Hércules Barsotti's Ink Drawings

By Christophe Cherix

Originally published in MoMA's post on April 5, 2017

This essay is the seventh in a series of texts commissioned by MoMA's post initiative about the works and artists that are part of the CPPC's modern art gift to MoMA. It is our pleasure to republish it here and to translate it into Spanish for our readers. Over time, we will publish and translate additional post essays that describe other works in the gift.


Twelve ink drawings by Hércules Barsotti explore a radical geometry and a systematic mode of working that, already in 1960, point to a new mode of working for the Brazilian artist.

Hércules Barsotti, who belonged to a generation of great artists from Brazil, traveled extensively in Europe at multiple times, first in the late 1940s and then again throughout the 1950s, when he met a figure who would become foundational to his practice and those of many of his peers, Max Bill. In 1954 Barsotti opened a graphic design studio in São Paolo with his life partner Willys de Castro (whose achievements sometimes overshadowed his own), but he remained committed to his art. In the 1950s his work turned to a radical geometry that is devoid of any trace of his hand or brush and is simplified to the extreme.

The twelve drawings coming to MoMA from the Colección Patricia Phelps de Cisneros might be among his greatest works. Each drawing is made of two or three lines originating from either opposite angles or opposites edges of the paper. Upon closer inspection, you’ll see that these lines not only never intersect but also run parallel in their last segment, creating the impression of shifting planes. These works represent multiple variations of the same idea. As a whole, the series seems already to point to a new mode of working, in which the artist exhausted the possibilities generated by a system, an idea that would become increasingly popular among other artists in the second half of the 1960s.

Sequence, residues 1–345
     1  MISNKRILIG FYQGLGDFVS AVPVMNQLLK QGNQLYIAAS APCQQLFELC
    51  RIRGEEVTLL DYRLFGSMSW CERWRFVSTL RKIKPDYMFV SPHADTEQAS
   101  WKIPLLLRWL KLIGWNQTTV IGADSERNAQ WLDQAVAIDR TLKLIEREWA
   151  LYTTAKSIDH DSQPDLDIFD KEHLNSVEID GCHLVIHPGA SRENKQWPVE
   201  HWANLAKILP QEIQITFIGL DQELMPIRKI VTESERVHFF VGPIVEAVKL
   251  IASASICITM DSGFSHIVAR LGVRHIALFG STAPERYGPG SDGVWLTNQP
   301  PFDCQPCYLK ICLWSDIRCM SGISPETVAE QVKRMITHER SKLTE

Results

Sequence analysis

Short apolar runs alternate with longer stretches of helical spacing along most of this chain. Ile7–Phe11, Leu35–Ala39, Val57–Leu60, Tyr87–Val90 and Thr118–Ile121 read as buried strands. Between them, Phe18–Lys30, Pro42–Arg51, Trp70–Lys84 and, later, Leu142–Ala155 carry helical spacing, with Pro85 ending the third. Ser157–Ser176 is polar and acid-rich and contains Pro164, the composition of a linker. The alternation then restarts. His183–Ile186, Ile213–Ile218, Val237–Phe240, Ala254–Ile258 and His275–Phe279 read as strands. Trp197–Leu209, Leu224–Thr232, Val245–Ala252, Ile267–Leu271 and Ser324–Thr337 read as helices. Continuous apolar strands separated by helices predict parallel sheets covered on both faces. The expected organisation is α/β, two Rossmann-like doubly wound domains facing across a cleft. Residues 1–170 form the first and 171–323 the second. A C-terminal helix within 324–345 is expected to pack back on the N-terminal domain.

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Hércules Barsotti, Ink Drawing, 1960. Gift of Patricia Phelps de Cisneros through the Latin American
and Caribbean Fund in honor of Werner H. [Wynn] Kramarsky. The Museum of Modern Art.
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Hércules Barsotti, Ink Drawing, 1960. Gift of Patricia Phelps de Cisneros through the Latin American
and Caribbean Fund in honor of Werner H. [Wynn] Kramarsky. The Museum of Modern Art.
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Hércules Barsotti, Ink Drawing, 1960. Gift of Patricia Phelps de Cisneros through the Latin American
and Caribbean Fund in honor of Werner H. [Wynn] Kramarsky. The Museum of Modern Art.
/
Hércules Barsotti, Ink Drawing, 1960. Gift of Patricia Phelps de Cisneros through the Latin American
and Caribbean Fund in honor of Werner H. [Wynn] Kramarsky. The Museum of Modern Art.
/
Hércules Barsotti, Ink Drawing, 1960. Gift of Patricia Phelps de Cisneros through the Latin American
and Caribbean Fund in honor of Werner H. [Wynn] Kramarsky. The Museum of Modern Art.
/
Hércules Barsotti, Ink Drawing, 1960. Gift of Patricia Phelps de Cisneros through the Latin American
and Caribbean Fund in honor of Werner H. [Wynn] Kramarsky. The Museum of Modern Art.
/
Hércules Barsotti, Ink Drawing, 1960. Gift of Patricia Phelps de Cisneros through the Latin American
and Caribbean Fund in honor of Werner H. [Wynn] Kramarsky. The Museum of Modern Art.
/
Hércules Barsotti, Ink Drawing, 1960. Gift of Patricia Phelps de Cisneros through the Latin American
and Caribbean Fund in honor of Werner H. [Wynn] Kramarsky. The Museum of Modern Art.
/
Hércules Barsotti, Ink Drawing, 1960. Gift of Patricia Phelps de Cisneros through the Latin American
and Caribbean Fund in honor of Werner H. [Wynn] Kramarsky. The Museum of Modern Art.
/
Hércules Barsotti, Ink Drawing, 1960. Gift of Patricia Phelps de Cisneros through the Latin American
and Caribbean Fund in honor of Werner H. [Wynn] Kramarsky. The Museum of Modern Art.
/
Hércules Barsotti, Ink Drawing, 1960. Gift of Patricia Phelps de Cisneros through the Latin American
and Caribbean Fund in honor of Werner H. [Wynn] Kramarsky. The Museum of Modern Art.
/
Hércules Barsotti, Ink Drawing, 1960. Gift of Patricia Phelps de Cisneros through the Latin American
and Caribbean Fund in honor of Werner H. [Wynn] Kramarsky. The Museum of Modern Art.


As the public face of MoMA's C-MAP (Contemporary and Modern Art Perspectives), post comprises notes on modern and contemporary art around the globe, and may be found here.